It is the late 60’s America, and a certain uneasiness hangs in the air after returning from the battlefields of Vietnam.

The city of New Bordeaux, I fictional New Orleans, a solid week away from the famous Mardi Gras festival, is about to get a rough shake-up as Lincoln Clay returns home.

 Let us dive in a bit deeper into the Definitive experience of Mafia III.


When starting this new adventure, as I didn’t get into the game when originally came out, I didn’t get that…Mafia feel I did from the previous entry. However, I was enjoying what it put on offer. A few hits, a few misses, and all that in between.

A laid-back Lincoln, away from the war.

The playing field of New-Bordeaux is fairly sized with different areas, showing off the variety of scenery, from the city centre, swamp wetlands, country-side, etc. While each area is somewhat lively with activity, (it is still weird seeing a lady NPC walking around the swamplands dressed for the club), making them stand out with character, as it doesn’t feel like the population brings much to the atmosphere.

The actual map may not be as big as we are now so used to, but when you have to drive everywhere, you quickly learn to love what is around you due to an absence of a fast-travel system. Strangely enough, I didn’t mind the constant driving. Seen the city go through the day and night cycle, with some weather effects, I think. I do recall rain, a lot of rain, whether that be a Friday afternoon shower or a storm, couldn’t tell you the difference.

Guess no full moon tonight.

Another blessing, for me anyway, is the addition of old school cars and old school music, these two things helped a great deal when driving around, and the scenery transition from one area to another is a smoother experience than when the beetroot salad mixed unknowingly into my grilled chicken. The larger structures like bridges and office buildings really scale things just right, making it more like a real-world setting you are part of.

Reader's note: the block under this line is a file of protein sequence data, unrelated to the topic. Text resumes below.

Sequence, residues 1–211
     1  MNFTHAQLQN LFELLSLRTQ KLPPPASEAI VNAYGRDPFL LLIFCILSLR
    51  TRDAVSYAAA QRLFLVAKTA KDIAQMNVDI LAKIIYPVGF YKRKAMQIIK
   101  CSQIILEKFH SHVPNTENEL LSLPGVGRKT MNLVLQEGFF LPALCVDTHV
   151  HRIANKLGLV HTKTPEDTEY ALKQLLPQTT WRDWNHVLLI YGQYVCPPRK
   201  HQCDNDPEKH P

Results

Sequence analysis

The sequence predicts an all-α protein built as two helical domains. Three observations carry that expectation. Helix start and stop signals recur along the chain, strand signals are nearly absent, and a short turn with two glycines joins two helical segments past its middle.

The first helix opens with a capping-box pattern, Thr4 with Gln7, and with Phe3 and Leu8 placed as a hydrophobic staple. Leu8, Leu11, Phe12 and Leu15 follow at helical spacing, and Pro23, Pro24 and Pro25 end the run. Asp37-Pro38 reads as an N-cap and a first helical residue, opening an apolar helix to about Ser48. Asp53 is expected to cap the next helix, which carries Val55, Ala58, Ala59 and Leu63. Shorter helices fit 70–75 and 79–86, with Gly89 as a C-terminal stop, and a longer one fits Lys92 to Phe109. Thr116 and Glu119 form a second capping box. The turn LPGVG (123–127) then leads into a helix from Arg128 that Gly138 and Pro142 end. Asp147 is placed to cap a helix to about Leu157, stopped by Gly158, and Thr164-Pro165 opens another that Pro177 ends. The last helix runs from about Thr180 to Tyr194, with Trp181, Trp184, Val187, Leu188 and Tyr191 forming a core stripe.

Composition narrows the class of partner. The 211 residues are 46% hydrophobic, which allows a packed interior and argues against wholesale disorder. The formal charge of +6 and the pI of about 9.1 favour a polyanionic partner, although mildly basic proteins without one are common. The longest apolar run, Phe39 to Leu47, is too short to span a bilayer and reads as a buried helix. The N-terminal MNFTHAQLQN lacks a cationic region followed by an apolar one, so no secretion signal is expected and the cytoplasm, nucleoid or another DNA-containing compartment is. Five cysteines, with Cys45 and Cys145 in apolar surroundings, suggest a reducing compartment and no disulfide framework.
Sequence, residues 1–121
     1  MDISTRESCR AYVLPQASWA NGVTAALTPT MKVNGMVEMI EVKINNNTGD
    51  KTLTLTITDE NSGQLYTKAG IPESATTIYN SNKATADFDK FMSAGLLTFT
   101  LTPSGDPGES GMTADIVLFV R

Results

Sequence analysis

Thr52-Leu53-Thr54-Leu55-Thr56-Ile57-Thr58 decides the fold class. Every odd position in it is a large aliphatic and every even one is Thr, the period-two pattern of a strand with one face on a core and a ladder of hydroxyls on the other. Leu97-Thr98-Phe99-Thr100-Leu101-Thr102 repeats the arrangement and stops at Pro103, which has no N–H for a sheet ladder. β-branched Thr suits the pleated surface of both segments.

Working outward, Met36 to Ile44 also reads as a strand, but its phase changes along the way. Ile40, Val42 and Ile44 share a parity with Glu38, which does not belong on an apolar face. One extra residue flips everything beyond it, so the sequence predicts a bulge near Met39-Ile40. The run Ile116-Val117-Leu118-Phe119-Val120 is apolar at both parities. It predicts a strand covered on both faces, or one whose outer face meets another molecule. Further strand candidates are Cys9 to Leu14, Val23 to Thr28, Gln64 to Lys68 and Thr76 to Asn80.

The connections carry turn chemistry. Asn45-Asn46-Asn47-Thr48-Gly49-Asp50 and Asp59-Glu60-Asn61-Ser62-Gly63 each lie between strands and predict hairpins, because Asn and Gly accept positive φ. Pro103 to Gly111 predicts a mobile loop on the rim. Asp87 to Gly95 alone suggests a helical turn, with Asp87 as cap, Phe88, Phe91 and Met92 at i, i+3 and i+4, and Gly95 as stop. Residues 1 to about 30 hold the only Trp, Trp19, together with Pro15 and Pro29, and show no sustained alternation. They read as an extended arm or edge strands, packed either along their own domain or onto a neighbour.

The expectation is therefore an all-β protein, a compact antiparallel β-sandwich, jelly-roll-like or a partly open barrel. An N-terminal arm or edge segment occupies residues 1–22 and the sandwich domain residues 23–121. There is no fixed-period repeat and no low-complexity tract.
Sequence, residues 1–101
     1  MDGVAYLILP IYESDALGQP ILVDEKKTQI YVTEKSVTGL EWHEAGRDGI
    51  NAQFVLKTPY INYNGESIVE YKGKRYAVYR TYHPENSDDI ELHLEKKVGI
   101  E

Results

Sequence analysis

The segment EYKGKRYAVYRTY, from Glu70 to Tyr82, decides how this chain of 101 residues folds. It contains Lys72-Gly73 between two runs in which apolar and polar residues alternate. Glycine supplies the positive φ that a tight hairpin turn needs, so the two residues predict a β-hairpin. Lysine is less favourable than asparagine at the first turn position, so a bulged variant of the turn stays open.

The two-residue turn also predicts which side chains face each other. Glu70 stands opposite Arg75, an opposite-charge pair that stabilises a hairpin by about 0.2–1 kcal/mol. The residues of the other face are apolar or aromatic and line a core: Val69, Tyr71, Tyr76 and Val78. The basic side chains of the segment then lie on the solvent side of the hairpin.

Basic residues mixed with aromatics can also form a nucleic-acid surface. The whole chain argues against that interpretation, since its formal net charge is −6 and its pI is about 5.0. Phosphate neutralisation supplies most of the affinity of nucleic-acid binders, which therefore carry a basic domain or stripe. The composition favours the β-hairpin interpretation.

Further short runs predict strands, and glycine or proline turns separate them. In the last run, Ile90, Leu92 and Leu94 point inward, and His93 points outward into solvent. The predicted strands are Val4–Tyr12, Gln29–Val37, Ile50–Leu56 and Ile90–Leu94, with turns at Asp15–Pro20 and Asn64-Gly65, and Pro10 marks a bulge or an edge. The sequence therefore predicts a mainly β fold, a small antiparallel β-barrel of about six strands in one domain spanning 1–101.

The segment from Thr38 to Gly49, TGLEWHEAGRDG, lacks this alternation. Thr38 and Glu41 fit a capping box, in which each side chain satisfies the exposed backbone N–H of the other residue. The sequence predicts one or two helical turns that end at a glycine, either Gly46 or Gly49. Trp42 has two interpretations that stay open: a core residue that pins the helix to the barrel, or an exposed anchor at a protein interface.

Just amazing scenery.

Now, the cars are where another good chunk of fun is stashed. The differences between the car types soon have you know what car is needed to get out of whatever you got yourself into, and what cars are just a Wonder Car, making you wonder why you haven’t changed cars yet. However, I still make mistakes and plough nose-first into other cars because “there was a gap”, but personally I blame The Rolling Stones’ Paint it, Black on the radio. Majority if not all of the songs are all classics, and in typical fashion, I either drove like a normal person or just a little bit longer until the song is finished. Others I couldn’t change the channel quick enough.

I introduce The Fast Travel System. Either on its way to a funeral or about to cause one.


By now it is obvious Lincoln just came back from Vietnam, barely sets his feet down and already he is knee-deep in butt-fudge, and a show to match.